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Online Third Party Nomination Process Throws in the Towel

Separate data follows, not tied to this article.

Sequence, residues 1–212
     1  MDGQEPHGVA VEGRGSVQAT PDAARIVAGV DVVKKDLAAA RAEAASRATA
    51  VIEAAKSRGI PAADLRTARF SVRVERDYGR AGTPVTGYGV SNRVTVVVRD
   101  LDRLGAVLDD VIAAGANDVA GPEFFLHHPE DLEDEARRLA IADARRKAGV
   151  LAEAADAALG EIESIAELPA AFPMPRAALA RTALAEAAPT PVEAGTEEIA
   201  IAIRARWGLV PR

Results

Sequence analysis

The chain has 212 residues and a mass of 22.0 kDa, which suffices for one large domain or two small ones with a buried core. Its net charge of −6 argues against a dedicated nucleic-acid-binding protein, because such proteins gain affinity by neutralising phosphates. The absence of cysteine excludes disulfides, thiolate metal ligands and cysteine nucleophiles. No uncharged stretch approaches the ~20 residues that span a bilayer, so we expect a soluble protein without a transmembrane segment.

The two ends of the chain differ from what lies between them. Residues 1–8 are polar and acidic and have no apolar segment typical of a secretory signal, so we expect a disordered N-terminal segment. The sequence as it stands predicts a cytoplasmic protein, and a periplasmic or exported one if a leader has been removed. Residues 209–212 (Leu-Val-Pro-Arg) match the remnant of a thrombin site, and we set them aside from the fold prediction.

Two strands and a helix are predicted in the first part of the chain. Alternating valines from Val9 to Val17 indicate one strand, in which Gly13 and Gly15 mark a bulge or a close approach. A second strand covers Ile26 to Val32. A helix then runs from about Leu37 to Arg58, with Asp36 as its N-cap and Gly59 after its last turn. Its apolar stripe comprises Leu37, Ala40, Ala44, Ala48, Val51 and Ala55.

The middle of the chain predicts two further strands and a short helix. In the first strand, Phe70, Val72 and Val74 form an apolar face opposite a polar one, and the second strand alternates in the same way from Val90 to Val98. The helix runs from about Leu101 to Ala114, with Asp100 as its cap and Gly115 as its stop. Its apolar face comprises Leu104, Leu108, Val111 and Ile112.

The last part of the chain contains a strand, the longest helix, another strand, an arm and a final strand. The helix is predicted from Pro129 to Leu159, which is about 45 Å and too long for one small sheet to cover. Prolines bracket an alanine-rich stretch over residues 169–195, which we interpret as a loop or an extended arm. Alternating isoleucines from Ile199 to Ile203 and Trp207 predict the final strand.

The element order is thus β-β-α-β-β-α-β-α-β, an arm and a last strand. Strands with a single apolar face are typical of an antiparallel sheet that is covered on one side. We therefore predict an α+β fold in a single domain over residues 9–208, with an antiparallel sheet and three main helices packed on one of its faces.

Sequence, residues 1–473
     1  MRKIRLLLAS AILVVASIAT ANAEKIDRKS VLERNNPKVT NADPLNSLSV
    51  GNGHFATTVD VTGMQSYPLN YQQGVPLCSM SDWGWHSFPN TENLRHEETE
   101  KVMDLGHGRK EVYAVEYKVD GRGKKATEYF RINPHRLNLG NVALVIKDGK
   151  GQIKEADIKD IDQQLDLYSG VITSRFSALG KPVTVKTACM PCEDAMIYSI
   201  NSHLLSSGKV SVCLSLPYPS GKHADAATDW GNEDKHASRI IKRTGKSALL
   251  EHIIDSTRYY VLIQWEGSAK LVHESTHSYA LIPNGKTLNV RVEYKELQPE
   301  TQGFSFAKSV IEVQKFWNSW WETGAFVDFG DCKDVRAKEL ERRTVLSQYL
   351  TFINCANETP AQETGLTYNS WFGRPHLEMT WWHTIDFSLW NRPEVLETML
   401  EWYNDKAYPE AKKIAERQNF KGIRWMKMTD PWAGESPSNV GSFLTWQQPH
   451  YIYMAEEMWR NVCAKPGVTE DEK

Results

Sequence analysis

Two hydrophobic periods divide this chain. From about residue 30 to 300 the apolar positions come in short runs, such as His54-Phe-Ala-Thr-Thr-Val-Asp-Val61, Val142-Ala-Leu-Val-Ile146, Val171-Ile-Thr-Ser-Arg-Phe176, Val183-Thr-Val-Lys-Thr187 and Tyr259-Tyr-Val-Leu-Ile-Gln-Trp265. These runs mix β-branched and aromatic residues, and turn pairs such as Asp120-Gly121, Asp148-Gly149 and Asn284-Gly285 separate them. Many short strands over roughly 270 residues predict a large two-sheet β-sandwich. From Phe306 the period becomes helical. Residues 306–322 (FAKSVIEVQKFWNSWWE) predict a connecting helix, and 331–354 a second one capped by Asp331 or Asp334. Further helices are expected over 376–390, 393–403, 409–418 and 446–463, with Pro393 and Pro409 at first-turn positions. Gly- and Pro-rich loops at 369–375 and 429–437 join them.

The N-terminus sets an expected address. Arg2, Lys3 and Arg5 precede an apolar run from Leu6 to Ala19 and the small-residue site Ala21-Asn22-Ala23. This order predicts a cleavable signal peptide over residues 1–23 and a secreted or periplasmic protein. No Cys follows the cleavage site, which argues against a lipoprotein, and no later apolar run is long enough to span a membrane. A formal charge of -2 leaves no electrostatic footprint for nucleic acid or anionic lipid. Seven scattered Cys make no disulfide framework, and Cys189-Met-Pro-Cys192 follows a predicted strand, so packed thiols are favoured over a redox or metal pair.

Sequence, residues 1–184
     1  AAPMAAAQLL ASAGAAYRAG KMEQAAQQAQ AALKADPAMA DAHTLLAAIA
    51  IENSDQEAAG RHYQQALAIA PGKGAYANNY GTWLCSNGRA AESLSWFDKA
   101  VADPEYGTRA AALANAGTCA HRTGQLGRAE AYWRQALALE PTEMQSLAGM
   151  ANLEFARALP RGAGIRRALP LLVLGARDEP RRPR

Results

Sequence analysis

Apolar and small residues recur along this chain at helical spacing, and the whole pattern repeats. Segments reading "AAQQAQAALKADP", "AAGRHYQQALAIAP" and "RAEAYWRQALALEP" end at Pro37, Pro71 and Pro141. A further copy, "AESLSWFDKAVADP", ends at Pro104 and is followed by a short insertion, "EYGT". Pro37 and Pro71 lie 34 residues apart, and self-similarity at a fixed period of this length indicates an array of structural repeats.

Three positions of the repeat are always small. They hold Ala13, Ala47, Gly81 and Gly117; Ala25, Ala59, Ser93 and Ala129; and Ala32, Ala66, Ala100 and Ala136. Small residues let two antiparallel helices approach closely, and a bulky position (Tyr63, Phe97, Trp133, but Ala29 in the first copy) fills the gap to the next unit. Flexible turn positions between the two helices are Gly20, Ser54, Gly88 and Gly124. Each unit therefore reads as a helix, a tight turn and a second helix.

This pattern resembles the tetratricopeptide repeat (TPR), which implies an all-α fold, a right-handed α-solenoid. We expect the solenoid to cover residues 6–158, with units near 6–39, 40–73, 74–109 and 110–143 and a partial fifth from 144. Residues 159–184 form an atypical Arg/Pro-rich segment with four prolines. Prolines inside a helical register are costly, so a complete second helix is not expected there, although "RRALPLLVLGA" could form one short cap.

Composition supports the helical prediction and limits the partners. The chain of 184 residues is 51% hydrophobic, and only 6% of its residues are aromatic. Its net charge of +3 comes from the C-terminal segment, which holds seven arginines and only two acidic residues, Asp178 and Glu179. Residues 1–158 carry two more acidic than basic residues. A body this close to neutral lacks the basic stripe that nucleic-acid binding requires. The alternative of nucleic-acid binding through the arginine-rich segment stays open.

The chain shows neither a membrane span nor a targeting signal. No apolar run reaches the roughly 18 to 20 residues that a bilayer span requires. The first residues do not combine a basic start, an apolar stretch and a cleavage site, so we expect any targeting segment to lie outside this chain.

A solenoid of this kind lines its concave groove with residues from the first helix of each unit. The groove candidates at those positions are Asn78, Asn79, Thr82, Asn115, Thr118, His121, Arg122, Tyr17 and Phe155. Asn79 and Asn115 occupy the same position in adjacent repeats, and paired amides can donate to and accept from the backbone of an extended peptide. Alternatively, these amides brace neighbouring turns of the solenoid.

An online group called Americans Elect did what few others have managed in North Carolina by collecting enough signatures to put a third-party presidential candidate on the ballot in November. But now, it seems the effort was for naught. Collecting the required signatures to get on the ballot is often the biggest hurdle for candidates who don't belong to the two dominant parties. The grand plan of Americans Elect was to jump that hurdle for a presidential candidate not beholden to any political party who could sweep in and salve the souls of disenfranchised voters tired of partisan bickering. "They got themselves on the ballot, they just didn't have anybody to put on the ballot when the time came," says Catawba College political science professor Michael Bitzer. Americans Elect announced this week it was unable to find a candidate who could meet the criteria required to get the group's nomination. They did set the bar pretty high - only candidate who demonstrated a certain level of national support from the group's online delegates and promised to choose a running mate with opposing political views would get the Americans Elect nomination. Not even the most popular candidate on the website Republican Ron Paul - could meet both of those criteria. Part of the problem is voters often say they're independent, says Bitzer, "but when you push them, they'll go back to one of those two political parties." "So it's a tough mountain for any kind of third party - with the rules of the game and everything else they've got to confront - to actually have an impact on the larger political environment." Americans Elect expected to spend $30 million drumming up signatures to get on the ballot in all 50 states. They got about half way before throwing in the towel. And no, Americans Elect can't just hand over its North Carolina spot on the ballot to Ron Paul or someone already running as a third-party candidate. The North Carolina elections office says the spot can only be used by candidate who is formally affiliated with Americans Elect and nominated through a convention.